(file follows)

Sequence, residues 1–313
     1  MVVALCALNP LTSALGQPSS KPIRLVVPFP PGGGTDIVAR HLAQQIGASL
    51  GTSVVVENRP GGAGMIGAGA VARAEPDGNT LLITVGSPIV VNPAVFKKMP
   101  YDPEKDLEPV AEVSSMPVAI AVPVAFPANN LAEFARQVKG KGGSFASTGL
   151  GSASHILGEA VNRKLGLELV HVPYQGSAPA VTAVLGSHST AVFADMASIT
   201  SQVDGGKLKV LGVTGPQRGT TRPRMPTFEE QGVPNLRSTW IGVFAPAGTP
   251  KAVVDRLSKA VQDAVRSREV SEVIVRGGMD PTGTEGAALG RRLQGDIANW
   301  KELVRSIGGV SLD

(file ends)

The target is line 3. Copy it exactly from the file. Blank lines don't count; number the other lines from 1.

    51  GTSVVVENRP GGAGMIGAGA VARAEPDGNT LLITVGSPIV VNPAVFKKMP